The use of corporate shareholdings, with or without the agency of a family trust, can be a very useful tool in the planning of your estate in the future, in order legitimately to minimize the impact of taxation. You will, of course, need professional advice from your tax accountant and your lawyer in order to take advantage of those opportunities, and that may be some distance in the future. I only mention it now as one potential advantage of incorporation. Under some circumstances it may also be beneficial to have a spouse or other close relative or ‘significant other’ subscribe for some shares of a separate class of stock with his or her own money, right at the beginning of business operations. That will allow dividends to be declared on that class of stock and effectively split the income between husband and wife or other domestic partner for tax purposes.

If you and a domestic partner are both working for the Corporation, you may choose to pay yourselves by salary for dividends or, preferably, by a combination of both. We suggest you talk to your accounting adviser about this.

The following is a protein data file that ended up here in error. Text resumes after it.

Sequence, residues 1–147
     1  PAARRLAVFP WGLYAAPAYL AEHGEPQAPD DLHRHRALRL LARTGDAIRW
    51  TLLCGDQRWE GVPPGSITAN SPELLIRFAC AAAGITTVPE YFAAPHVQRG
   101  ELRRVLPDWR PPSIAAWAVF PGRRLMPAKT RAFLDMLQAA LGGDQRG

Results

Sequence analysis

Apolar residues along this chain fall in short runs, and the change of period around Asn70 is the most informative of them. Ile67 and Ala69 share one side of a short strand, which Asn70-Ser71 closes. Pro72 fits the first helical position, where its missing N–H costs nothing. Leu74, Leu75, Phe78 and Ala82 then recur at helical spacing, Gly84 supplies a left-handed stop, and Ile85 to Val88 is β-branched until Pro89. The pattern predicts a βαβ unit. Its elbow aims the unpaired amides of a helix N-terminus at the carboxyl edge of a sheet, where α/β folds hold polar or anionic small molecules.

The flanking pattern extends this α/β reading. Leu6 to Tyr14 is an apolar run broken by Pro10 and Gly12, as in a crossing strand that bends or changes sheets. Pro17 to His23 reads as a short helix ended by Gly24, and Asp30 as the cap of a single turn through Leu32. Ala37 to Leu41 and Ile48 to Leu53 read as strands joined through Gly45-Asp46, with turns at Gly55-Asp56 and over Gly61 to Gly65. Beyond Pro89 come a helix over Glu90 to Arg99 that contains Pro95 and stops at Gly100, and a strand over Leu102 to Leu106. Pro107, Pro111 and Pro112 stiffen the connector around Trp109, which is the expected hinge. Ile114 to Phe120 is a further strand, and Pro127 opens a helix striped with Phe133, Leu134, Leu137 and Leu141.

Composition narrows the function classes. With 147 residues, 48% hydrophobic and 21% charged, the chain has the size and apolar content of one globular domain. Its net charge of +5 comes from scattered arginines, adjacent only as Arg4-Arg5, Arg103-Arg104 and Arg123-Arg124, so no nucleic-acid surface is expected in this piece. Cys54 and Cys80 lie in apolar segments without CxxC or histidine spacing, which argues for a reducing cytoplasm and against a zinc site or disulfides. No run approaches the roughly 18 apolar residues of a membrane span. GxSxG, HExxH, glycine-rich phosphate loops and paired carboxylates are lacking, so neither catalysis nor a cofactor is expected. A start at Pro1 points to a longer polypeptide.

(e) Expansion

If, at some future date, you wish to take on one or more co-owners, or if you wish to allow some senior employee(s) to acquire an interest in the business, the corporate structure lends itself to this much more readily than does a sole proprietorship or partnership. Employees, for example, can be given or allowed to buy a different class of common shares than those held by you, so that, with either minimal or no voting rights, they can still share in corporate profits and growth. The same principle applies to family members whom you may wish to benefit without necessarily giving them too loud a voice in the management of the corporation.

(ii) Disadvantages of Incorporation